Ginkgo Leaf contains about 40 different bioflavonoids, including proanthocyanidins (see Grape Seed/Skin extract below) and quercetin, that “act as free radical scavengers” [73]. “Quercitin is a phenolic antioxidant that and has been shown to inhibit lipid peroxidation” in vitro, but it may need food substances to be an effective antioxidant in vivo [15]. “Cerebral insufficiency many cause anxiety and stress, memory, concentration, and mood impairment, and hearing disorders, all of which may benefit from ginkgo therapy” [73]. “Recent studies conducted with various molecular, cellular and whole animal models have revealed that leaf extracts of Ginkgo biloba may have anticancer (chemopreventive) properties that are related to their antioxidant, anti-angiogenic and gene-regulatory actions. The antioxidant and associated anti-lipoperoxidative effects of Ginkgo extracts appear to involve both their flavonoid and terpenoid constituents…In humans, Ginkgo extracts inhibit the formation of radiation-induced (chromosome-damaging) clastogenic factors and ultraviolet light-induced oxidative stress – effects that may also be associated with anticancer activity. Flavonoid and terpenoid constituents of Ginkgo extracts may act in a complementary manner to inhibit several carcinogenesis-related processes, and therefore the total extracts may be required for producing optimal effects” [78]. Ginkgo biloba extracts, “could reduce cytokine-stimulated endothelial adhesiveness by downregulating intracellular reactive oxygen species formation, nuclear factor-kappaB and activator protein 1 activation, and adhesion molecule expression in HAECs, supporting the notion that the natural compound Ginkgo biloba may have potential implications in clinical atherosclerosis disease” [79].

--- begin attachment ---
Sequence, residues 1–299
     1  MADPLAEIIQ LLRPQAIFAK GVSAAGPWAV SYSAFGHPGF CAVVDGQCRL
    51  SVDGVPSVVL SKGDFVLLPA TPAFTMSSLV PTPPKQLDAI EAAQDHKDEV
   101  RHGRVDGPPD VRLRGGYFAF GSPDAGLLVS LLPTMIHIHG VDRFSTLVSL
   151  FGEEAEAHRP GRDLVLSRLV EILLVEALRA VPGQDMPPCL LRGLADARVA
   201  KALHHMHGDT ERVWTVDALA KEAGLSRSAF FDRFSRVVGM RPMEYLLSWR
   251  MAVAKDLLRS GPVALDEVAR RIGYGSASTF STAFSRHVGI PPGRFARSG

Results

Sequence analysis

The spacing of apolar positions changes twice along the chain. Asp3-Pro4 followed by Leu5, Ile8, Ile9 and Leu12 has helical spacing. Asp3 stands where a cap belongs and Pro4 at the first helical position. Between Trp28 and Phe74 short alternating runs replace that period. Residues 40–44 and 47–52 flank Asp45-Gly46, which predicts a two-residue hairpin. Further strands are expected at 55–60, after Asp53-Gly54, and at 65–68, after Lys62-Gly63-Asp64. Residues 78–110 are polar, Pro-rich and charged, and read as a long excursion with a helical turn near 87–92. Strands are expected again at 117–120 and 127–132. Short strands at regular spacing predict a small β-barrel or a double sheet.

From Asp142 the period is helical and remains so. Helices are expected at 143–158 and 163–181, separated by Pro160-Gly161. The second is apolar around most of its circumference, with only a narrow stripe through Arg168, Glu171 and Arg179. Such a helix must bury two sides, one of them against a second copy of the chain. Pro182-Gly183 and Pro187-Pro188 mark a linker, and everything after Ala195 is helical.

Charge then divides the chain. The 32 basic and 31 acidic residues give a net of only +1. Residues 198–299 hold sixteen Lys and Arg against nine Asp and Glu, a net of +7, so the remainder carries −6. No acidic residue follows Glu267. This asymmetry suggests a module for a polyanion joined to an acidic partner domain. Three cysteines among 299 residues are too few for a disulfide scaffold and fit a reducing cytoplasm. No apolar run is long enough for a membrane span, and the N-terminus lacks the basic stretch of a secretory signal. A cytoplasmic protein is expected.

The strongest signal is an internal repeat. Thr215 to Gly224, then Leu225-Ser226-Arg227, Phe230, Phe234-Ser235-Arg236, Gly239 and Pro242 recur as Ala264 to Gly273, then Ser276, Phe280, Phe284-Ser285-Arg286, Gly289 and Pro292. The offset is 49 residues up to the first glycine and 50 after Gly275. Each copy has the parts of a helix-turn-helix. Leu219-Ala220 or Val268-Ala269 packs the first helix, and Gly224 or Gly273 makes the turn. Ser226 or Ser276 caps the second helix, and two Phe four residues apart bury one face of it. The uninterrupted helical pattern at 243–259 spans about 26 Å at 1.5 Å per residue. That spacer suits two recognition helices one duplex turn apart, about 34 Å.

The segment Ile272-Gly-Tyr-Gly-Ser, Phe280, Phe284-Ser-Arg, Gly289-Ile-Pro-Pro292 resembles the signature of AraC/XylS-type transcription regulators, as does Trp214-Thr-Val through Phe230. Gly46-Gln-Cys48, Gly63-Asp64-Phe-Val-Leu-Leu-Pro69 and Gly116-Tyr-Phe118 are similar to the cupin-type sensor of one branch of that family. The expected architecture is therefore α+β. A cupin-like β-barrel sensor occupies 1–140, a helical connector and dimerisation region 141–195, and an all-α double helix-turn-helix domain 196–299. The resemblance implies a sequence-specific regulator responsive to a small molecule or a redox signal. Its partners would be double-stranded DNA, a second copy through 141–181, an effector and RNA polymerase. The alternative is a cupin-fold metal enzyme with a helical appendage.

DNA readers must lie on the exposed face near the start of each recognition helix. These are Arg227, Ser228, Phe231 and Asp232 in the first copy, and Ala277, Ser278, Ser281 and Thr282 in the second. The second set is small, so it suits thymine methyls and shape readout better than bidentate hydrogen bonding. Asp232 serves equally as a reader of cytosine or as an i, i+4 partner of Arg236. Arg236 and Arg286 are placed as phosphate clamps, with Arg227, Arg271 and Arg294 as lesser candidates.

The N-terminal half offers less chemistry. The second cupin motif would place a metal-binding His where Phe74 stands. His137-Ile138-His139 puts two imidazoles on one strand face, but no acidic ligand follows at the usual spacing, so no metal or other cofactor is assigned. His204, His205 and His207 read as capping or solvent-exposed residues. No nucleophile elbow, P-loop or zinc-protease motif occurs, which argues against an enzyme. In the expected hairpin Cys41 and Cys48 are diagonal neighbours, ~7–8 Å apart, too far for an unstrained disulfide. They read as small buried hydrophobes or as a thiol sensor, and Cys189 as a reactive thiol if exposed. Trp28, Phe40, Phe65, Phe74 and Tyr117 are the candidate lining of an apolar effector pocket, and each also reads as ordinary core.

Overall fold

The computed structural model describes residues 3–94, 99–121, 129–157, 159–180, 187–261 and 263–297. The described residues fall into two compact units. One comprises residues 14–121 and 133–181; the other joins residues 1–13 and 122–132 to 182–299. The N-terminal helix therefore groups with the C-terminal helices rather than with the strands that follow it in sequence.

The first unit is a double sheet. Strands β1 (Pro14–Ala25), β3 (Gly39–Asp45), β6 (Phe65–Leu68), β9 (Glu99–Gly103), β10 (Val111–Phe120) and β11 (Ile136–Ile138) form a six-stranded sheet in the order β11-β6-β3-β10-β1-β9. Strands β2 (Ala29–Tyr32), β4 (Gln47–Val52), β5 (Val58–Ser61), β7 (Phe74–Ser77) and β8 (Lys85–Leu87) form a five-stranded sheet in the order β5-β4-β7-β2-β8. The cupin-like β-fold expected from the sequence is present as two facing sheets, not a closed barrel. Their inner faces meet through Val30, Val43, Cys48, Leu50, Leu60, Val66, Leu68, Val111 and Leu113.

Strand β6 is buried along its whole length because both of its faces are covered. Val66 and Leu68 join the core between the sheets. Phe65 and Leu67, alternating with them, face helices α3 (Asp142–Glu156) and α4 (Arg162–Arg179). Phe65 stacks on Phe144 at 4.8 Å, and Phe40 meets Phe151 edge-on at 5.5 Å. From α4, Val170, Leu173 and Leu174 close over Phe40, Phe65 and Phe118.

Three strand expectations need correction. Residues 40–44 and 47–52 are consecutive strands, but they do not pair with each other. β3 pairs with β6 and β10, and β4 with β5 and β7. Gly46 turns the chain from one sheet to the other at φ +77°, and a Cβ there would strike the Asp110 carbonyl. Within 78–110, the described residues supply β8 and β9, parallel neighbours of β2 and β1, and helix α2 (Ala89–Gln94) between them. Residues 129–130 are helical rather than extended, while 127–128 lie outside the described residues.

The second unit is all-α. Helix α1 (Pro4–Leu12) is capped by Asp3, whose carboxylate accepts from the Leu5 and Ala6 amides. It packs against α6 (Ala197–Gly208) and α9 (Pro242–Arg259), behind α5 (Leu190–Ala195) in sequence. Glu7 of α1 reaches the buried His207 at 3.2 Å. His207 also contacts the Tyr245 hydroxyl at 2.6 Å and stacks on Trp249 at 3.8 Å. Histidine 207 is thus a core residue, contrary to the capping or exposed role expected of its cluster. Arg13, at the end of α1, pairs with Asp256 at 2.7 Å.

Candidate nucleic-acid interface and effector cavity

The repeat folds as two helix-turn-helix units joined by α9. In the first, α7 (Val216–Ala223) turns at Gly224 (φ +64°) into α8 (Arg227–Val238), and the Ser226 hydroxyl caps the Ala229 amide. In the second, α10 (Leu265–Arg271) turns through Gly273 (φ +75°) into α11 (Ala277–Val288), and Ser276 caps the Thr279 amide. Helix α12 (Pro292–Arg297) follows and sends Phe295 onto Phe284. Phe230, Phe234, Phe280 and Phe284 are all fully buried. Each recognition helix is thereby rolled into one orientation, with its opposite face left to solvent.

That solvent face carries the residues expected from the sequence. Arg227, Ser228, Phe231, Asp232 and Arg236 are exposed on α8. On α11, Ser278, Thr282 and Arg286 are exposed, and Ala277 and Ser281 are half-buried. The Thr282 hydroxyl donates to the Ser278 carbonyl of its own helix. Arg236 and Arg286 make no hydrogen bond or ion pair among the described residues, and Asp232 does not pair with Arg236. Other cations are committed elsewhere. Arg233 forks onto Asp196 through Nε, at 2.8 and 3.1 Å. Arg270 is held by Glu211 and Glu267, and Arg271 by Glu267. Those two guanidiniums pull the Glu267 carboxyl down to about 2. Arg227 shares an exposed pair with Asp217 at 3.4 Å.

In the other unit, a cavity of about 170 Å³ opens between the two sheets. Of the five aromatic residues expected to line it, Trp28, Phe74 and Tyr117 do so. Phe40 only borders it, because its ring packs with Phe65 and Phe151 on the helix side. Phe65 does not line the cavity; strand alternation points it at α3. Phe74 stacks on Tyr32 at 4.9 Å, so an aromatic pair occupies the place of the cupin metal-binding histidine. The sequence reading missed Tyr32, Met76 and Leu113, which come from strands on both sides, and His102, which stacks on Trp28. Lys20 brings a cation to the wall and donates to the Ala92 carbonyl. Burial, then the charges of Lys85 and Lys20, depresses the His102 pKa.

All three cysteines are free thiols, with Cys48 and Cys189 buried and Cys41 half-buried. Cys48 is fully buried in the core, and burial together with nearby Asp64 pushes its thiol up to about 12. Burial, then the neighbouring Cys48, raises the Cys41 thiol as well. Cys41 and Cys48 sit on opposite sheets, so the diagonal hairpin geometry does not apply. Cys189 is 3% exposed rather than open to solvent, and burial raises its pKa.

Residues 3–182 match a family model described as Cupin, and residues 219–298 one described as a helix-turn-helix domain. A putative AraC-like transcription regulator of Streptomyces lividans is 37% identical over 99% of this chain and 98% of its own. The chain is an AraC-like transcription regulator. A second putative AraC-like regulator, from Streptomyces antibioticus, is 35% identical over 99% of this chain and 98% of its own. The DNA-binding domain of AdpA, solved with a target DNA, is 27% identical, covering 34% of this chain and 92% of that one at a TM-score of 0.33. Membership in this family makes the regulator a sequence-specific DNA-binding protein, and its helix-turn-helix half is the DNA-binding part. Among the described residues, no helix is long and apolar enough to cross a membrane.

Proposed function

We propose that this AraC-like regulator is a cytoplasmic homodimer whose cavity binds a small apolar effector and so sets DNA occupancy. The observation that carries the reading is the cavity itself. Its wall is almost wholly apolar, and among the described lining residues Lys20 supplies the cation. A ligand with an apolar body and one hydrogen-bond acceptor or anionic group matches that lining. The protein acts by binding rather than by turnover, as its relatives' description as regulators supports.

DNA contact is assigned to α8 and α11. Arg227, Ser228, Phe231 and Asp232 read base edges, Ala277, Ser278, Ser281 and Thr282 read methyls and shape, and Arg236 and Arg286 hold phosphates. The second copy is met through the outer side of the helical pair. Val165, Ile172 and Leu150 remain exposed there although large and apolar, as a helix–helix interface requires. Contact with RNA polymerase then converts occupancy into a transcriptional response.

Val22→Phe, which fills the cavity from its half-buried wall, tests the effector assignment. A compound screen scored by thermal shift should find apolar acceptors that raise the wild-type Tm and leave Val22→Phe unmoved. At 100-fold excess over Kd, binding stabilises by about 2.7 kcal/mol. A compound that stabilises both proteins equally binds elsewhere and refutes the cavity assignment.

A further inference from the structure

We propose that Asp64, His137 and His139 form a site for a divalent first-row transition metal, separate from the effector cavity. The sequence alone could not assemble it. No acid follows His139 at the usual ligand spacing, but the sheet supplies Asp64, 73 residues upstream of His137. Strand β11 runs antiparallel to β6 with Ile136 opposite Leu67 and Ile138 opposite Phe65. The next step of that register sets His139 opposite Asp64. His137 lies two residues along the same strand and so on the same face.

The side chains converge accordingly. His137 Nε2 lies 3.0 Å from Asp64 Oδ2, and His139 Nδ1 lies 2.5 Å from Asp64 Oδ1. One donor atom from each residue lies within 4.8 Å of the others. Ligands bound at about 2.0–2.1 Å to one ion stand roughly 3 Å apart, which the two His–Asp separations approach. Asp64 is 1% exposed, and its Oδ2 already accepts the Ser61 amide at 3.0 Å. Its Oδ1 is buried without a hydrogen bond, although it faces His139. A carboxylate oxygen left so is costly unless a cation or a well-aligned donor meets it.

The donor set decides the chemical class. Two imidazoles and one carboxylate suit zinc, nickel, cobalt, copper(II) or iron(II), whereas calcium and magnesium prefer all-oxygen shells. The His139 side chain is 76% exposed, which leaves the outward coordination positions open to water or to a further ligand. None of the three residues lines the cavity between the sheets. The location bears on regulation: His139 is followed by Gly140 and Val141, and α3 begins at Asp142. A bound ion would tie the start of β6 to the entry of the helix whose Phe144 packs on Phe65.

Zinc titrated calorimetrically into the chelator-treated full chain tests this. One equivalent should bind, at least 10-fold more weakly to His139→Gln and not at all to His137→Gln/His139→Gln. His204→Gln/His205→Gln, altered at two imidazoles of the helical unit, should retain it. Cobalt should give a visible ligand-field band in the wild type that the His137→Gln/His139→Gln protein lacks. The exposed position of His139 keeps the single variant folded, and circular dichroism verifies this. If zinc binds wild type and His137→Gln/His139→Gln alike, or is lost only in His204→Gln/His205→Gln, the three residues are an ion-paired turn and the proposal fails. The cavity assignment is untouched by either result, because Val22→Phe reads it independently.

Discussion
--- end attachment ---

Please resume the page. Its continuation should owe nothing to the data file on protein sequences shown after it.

Grape Seed/Skin Extract contains a variety of antioxidant substances and is over 90% proanthocyanidins, which are a type of bioflavonoid with powerful free radical fighting ability [73]. “Oligomeric proanthocyanidins, naturally occurring antioxidants widely available in fruits, vegetables, nuts, seeds, flowers and bark, have been reported to possess a broad spectrum of biological, pharmacological and therapeutic activities against free radicals and oxidative stress. We have assessed the concentration- or dose-dependent free radical scavenging ability of a novel IH636 grape seed proanthocyanidin extract (GSPE) both in vitro and in vivo models, and compared the free radical scavenging ability of GSPE with {ISOLATED} vitamins C, E and beta-carotene. These experiments demonstrated that GSPE is highly bioavailable and provides significantly greater protection against free radicals and free radical-induced lipid peroxidation and DNA damage than vitamins C, E and beta-carotene. Oxidative tissue damage was determined by lipid peroxidation and DNA fragmentation, while apoptotic cell death was assessed by flow cytometry. GSPE provided significantly better protection as compared to vitamins C and E, singly and in combination. GSPE also demonstrated excellent protection against acetaminophen overdose-induced liver and kidney damage by regulating bcl-X(L) gene, DNA damage and presumably by reducing oxidative stress. GSPE demonstrated excellent protection against myocardial ischemia-reperfusion injury and myocardial infarction in rats. GSPE was also shown to upregulate bcl(2) gene and downregulate the oncogene c-myc. Topical application of GSPE enhances sun protection factor in human volunteers, as well as supplementation of GSPE ameliorates chronic pancreatitis in humans. These results demonstrate that GSPE provides excellent protection against oxidative stress and free radical-mediated tissue injury” [80]—it should be noted that this study compared against isolated (non-food) vitamins and isolated betacarotene. Interestingly it is believed that “grape-skin extract may have a sparing effect on vitamin C” in human plasma [81]. Grape seeds, but mainly grape skin, contains resveratrol which has antioxidant abilities and may be “associated with a reduced incidence of cardiovascular disease and a reduced incidence of cancer” [15]. Resveratrol is prized by many for its anti-aging properties and “has recently been found to possess glutathione-sparing activity” [15].